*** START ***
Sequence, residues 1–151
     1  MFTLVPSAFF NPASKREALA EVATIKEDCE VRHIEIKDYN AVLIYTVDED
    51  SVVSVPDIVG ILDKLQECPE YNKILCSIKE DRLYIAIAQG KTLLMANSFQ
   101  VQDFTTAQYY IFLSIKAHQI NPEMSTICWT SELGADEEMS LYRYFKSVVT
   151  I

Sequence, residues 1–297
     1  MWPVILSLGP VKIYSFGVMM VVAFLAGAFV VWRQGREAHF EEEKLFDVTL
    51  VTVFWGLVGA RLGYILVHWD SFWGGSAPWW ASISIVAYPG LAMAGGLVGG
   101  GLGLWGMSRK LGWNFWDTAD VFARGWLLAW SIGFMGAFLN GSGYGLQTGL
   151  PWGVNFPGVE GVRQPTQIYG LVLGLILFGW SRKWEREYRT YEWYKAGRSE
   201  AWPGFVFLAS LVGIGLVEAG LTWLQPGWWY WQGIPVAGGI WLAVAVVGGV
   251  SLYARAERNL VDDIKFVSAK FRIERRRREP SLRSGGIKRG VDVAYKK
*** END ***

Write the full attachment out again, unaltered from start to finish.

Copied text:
Sequence, residues 1–151
     1  MFTLVPSAFF NPASKREALA EVATIKEDCE VRHIEIKDYN AVLIYTVDED
    51  SVVSVPDIVG ILDKLQECPE YNKILCSIKE DRLYIAIAQG KTLLMANSFQ
   101  VQDFTTAQYY IFLSIKAHQI NPEMSTICWT SELGADEEMS LYRYFKSVVT
   151  I

Sequence, residues 1–297
     1  MWPVILSLGP VKIYSFGVMM VVAFLAGAFV VWRQGREAHF EEEKLFDVTL
    51  VTVFWGLVGA RLGYILVHWD SFWGGSAPWW ASISIVAYPG LAMAGGLVGG
   101  GLGLWGMSRK LGWNFWDTAD VFARGWLLAW SIGFMGAFLN GSGYGLQTGL
   151  PWGVNFPGVE GVRQPTQIYG LVLGLILFGW SRKWEREYRT YEWYKAGRSE
   201  AWPGFVFLAS LVGIGLVEAG LTWLQPGWWY WQGIPVAGGI WLAVAVVGGV
   251  SLYARAERNL VDDIKFVSAK FRIERRRREP SLRSGGIKRG VDVAYKK